Small Iowa town a win­dow into hunger prob­lem in ru­ral US

Kuwait Times - - FRONT PAGE -

STORM LAKE, Iowa: Storm Lake, Iowa, ap­pears the pic­ture of eco­nomic health, a place where jobs are plen­ti­ful, the un­em­ploy­ment rate hov­ers near 3 per­cent, busy shops fill cen­tury-old brick build­ings and chil­dren ride bikes on tree­lined side­walks that end in the glare of its name­sake lake. But there’s a grow­ing prob­lem in the north­west Iowa city of 11,000, one that’s fa­mil­iar to ru­ral ar­eas around the coun­try: Thou­sands of work­ing fam­i­lies and el­derly res­i­dents don’t have enough money to feed them­selves or their chil­dren. The is­sue per­sists even as na­tional poverty rates have de­clined in the past year and prices for many food sta­ples have dropped slightly.

Storm Lake has re­sponded strongly with a large, mostly vol­un­teer ef­fort to hand out free food - eggs, ce­real, veg­eta­bles, juice - at a half-dozen pantries, along a city street and in an empty build­ing on the edge of town. “You strug­gle to live one day at a time, to stretch the bud­get,” said Her­melinda Gon­za­lez, 41, who re­lies on food from a monthly drive-up pantry to feed her seven chil­dren de­spite her hus­band’s con­struc­tion job. “I don’t know what we’d do with­out this,” she said while vol­un­teers slid boxes into her car and her 1-year-old son slept in the back seat.

Tyson Foods’ turkey and pork pro­cess­ing plants are Storm Lake’s big­gest em­ploy­ers - more than 2,700, many of whom are im­mi­grants at­tracted by wages of $15 an hour or more. But many also have large fam­i­lies, and pay­checks are eaten up by big gro­cery bills, heat­ing and cool­ing costs and higher-than-ex­pected rent due to in­creased de­mand for hous­ing that hasn’t been met by new con­struc­tion. Not hav­ing ac­cess to enough food is more se­vere in iso­lated coun­ties than ur­ban, metropoli­tan ar­eas - 64 per­cent of the coun­ties with the high­est rate of food in­se­cu­rity for chil­dren are ru­ral, ac­cord­ing to data from na­tional anti-hunger group Feed­ing Amer­ica.

While fed­eral statis­tics show in­comes among the poor­est 10 per­cent of US house­holds in­creased 7.9 per­cent last year and the pro­por­tion of Amer­i­cans in poverty dropped from 14.8 per­cent to 13.5 per­cent, small towns typ­i­cally lag ur­ban ar­eas in job and in­come growth, es­pe­cially in the Up­per Mid­west, said Gary Green, a Univer­sity of Wis­con­sinMadi­son pro­fes­sor who stud­ies ru­ral is­sues.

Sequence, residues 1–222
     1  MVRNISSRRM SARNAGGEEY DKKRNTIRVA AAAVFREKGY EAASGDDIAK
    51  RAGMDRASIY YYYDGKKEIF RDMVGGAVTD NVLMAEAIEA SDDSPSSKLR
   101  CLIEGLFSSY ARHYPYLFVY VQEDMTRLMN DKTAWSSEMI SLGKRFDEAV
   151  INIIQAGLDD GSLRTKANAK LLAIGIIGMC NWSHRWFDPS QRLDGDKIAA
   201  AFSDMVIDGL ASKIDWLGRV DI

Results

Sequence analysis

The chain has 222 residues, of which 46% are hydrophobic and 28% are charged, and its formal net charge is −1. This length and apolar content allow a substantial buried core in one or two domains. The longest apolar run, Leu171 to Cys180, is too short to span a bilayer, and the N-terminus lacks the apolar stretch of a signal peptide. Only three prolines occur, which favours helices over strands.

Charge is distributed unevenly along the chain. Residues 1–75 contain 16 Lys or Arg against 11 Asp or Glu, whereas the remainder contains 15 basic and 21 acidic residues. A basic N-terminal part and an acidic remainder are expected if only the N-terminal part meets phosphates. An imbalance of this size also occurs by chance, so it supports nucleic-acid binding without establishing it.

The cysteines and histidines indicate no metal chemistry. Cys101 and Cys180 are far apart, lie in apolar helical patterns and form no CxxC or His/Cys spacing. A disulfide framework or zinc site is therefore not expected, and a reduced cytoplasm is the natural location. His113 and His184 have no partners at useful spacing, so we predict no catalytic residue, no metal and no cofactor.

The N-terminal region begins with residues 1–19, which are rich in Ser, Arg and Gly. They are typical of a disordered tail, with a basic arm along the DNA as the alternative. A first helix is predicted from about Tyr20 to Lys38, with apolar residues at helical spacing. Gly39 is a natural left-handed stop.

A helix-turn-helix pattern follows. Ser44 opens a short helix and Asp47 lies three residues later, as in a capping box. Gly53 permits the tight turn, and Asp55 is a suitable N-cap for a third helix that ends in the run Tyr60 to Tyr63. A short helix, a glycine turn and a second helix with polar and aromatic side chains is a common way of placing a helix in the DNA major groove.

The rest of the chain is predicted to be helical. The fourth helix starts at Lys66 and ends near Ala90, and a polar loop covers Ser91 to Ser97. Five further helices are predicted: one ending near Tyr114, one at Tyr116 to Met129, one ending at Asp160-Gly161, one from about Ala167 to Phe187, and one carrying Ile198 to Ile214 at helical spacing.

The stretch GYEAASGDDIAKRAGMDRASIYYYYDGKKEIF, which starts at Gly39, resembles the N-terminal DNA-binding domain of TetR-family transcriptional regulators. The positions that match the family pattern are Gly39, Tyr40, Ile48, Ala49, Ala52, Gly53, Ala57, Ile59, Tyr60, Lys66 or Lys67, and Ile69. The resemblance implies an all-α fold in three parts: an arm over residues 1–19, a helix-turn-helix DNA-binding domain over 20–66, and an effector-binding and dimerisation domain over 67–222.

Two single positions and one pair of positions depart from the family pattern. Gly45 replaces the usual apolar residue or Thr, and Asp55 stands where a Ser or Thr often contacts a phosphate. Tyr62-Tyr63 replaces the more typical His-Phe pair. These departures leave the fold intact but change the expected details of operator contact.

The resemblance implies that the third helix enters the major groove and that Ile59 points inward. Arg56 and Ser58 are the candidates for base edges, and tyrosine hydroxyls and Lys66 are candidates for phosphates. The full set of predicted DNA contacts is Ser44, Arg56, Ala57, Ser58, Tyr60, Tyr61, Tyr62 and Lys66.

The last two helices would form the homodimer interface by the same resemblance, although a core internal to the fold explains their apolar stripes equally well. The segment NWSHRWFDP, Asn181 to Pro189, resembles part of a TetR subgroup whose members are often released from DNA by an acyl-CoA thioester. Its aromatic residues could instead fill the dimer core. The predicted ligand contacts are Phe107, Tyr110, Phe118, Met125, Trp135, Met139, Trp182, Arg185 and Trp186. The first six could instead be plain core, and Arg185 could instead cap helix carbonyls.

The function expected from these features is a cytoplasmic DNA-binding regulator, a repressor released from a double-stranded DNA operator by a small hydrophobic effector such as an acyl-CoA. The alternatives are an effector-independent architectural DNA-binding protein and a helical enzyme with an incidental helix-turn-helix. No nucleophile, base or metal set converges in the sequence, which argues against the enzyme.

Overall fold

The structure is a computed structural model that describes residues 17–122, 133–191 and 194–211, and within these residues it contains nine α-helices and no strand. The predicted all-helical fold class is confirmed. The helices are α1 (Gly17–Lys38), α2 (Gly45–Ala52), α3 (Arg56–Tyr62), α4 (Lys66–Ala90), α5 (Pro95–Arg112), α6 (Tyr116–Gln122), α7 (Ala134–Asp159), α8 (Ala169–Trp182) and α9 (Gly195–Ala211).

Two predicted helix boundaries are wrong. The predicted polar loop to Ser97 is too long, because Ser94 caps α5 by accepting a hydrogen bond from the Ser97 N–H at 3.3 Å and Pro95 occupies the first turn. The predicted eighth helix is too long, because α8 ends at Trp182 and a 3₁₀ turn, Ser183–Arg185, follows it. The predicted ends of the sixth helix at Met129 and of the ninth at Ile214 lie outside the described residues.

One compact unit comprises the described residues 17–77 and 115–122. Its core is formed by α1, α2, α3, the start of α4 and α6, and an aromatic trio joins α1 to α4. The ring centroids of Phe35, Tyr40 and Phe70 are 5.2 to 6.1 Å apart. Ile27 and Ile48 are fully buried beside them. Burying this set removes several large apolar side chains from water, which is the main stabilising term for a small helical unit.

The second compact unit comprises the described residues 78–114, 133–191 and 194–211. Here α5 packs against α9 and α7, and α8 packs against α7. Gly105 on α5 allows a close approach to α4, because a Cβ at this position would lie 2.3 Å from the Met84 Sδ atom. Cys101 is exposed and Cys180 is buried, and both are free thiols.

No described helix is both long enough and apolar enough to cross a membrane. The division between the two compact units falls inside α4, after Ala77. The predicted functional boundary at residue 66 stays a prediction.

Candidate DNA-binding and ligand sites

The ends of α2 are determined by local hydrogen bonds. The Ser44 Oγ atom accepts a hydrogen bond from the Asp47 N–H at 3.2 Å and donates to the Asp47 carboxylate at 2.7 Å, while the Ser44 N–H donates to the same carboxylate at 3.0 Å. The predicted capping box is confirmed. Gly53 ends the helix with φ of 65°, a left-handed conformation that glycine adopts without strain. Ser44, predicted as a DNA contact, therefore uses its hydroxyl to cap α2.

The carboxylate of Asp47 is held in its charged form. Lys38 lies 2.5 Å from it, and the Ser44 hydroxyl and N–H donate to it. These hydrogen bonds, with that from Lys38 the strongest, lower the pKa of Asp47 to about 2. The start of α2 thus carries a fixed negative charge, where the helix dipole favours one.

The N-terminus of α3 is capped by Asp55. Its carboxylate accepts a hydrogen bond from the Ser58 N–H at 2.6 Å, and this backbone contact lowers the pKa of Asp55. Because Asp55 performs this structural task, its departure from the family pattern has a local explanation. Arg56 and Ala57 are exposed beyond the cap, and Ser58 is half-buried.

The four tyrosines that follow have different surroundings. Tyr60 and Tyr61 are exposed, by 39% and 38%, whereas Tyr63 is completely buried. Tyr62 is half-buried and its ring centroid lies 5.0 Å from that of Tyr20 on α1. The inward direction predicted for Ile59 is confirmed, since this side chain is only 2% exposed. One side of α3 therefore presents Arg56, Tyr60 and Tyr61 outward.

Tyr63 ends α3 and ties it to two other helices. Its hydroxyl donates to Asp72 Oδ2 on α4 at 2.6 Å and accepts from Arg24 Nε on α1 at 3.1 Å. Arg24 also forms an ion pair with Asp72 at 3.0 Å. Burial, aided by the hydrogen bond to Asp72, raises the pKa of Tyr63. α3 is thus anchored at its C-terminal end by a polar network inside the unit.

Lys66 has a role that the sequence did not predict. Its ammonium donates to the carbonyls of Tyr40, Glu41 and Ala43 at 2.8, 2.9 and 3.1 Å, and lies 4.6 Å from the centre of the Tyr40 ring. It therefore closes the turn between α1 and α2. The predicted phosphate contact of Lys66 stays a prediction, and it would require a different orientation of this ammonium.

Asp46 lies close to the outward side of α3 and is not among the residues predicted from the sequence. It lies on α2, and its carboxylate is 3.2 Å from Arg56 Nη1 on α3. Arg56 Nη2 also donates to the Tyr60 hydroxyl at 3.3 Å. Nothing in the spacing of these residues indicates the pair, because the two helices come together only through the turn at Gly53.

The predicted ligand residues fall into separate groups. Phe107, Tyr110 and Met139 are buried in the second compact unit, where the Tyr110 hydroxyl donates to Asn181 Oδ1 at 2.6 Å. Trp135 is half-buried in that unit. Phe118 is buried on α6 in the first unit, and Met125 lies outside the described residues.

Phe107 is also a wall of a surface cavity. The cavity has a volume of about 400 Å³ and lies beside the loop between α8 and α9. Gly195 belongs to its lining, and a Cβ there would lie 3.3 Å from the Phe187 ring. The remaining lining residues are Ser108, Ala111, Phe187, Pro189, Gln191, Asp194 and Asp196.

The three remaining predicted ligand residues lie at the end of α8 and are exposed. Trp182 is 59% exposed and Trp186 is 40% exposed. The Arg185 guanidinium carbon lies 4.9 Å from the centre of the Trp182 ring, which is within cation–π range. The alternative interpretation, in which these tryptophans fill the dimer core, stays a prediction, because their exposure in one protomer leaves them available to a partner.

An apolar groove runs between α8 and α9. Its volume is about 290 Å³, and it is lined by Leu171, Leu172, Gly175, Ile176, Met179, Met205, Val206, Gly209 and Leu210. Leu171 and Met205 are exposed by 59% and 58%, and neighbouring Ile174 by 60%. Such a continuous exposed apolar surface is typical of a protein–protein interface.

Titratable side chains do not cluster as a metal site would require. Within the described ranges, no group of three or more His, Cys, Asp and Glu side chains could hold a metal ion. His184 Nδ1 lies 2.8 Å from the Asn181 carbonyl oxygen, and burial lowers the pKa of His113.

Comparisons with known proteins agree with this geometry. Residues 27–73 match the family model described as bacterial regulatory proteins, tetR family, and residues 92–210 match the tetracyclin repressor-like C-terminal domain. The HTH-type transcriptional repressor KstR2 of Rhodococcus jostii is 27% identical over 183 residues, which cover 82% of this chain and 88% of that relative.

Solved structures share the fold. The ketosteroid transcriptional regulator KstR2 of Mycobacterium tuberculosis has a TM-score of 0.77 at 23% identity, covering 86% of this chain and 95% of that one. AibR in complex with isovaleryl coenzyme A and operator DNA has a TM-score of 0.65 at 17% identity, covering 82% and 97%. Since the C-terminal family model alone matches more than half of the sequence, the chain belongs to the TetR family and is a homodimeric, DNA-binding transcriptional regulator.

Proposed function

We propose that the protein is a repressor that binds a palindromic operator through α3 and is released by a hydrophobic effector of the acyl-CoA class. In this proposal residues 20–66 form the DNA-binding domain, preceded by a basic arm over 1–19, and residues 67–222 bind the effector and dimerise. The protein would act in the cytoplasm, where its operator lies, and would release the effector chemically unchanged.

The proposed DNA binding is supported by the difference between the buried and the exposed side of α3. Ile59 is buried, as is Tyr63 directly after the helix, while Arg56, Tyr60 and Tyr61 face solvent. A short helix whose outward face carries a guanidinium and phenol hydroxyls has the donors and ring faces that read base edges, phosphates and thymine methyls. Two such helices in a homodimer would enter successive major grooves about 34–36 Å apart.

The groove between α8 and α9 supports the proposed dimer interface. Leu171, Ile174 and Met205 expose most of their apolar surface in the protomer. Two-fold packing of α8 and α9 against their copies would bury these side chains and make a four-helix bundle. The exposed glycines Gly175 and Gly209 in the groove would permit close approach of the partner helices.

It’s es­pe­cially hard for im­mi­grants, he said, be­cause the com­mu­ni­ties often lack a sup­port net­work found in large cities, and if there’s an un­ex­pected ex­pense or re­duc­tion in work hours, there usu­ally aren’t rel­a­tives nearby to help. That makes it hard for hunger is­sues to be solved in ru­ral ar­eas, Green said. It all helps to ex­plain why one pantry alone, Up­per Des Moines Op­por­tu­nity, pro­vides food to about 3,200 peo­ple in Storm Lake and nearby com­mu­ni­ties. “The shelves are as empty as I’ve ever seen it,” pantry worker Melissa Keller said.

Find­ing a job isn’t the prob­lem in Storm Lake, which is hours from Des Moines and Min­neapo­lis. It’s find­ing one that pays enough to cover the bills. Shirley Ann Peter is among those who strug­gle to make ends meet. She grew up in Mi­crone­sia, moved to Storm Lake with her fa­ther who was drawn by the de­pend­able meat­pack­ing jobs and be­gan work­ing at a plant while in high school. Peter’s boyfriend pro­vides for their four chil­dren, aged 6 months to 8 years, but af­ter pay­ing the $600 in monthly rent and other ex­penses, they must seek food from a charity pantry ev­ery week. — AP

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